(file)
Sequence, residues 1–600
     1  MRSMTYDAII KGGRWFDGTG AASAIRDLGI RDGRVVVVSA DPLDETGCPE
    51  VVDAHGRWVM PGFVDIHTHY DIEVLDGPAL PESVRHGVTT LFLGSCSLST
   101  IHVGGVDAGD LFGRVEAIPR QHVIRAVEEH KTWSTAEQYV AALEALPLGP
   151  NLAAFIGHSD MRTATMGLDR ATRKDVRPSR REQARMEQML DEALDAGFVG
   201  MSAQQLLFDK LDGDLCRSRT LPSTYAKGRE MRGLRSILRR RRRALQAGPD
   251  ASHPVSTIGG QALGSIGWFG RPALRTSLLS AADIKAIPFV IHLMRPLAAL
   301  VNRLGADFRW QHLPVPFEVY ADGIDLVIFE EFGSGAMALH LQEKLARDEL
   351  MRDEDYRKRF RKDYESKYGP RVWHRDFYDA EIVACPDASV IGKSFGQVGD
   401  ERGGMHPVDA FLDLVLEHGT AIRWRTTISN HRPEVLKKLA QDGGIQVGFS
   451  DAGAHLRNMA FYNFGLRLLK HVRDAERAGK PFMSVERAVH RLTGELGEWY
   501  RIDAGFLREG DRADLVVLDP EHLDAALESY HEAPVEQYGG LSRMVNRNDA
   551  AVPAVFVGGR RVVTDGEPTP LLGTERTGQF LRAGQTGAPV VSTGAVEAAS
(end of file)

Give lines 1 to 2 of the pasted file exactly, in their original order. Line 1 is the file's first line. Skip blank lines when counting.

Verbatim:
Sequence, residues 1–600
     1  MRSMTYDAII KGGRWFDGTG AASAIRDLGI RDGRVVVVSA DPLDETGCPE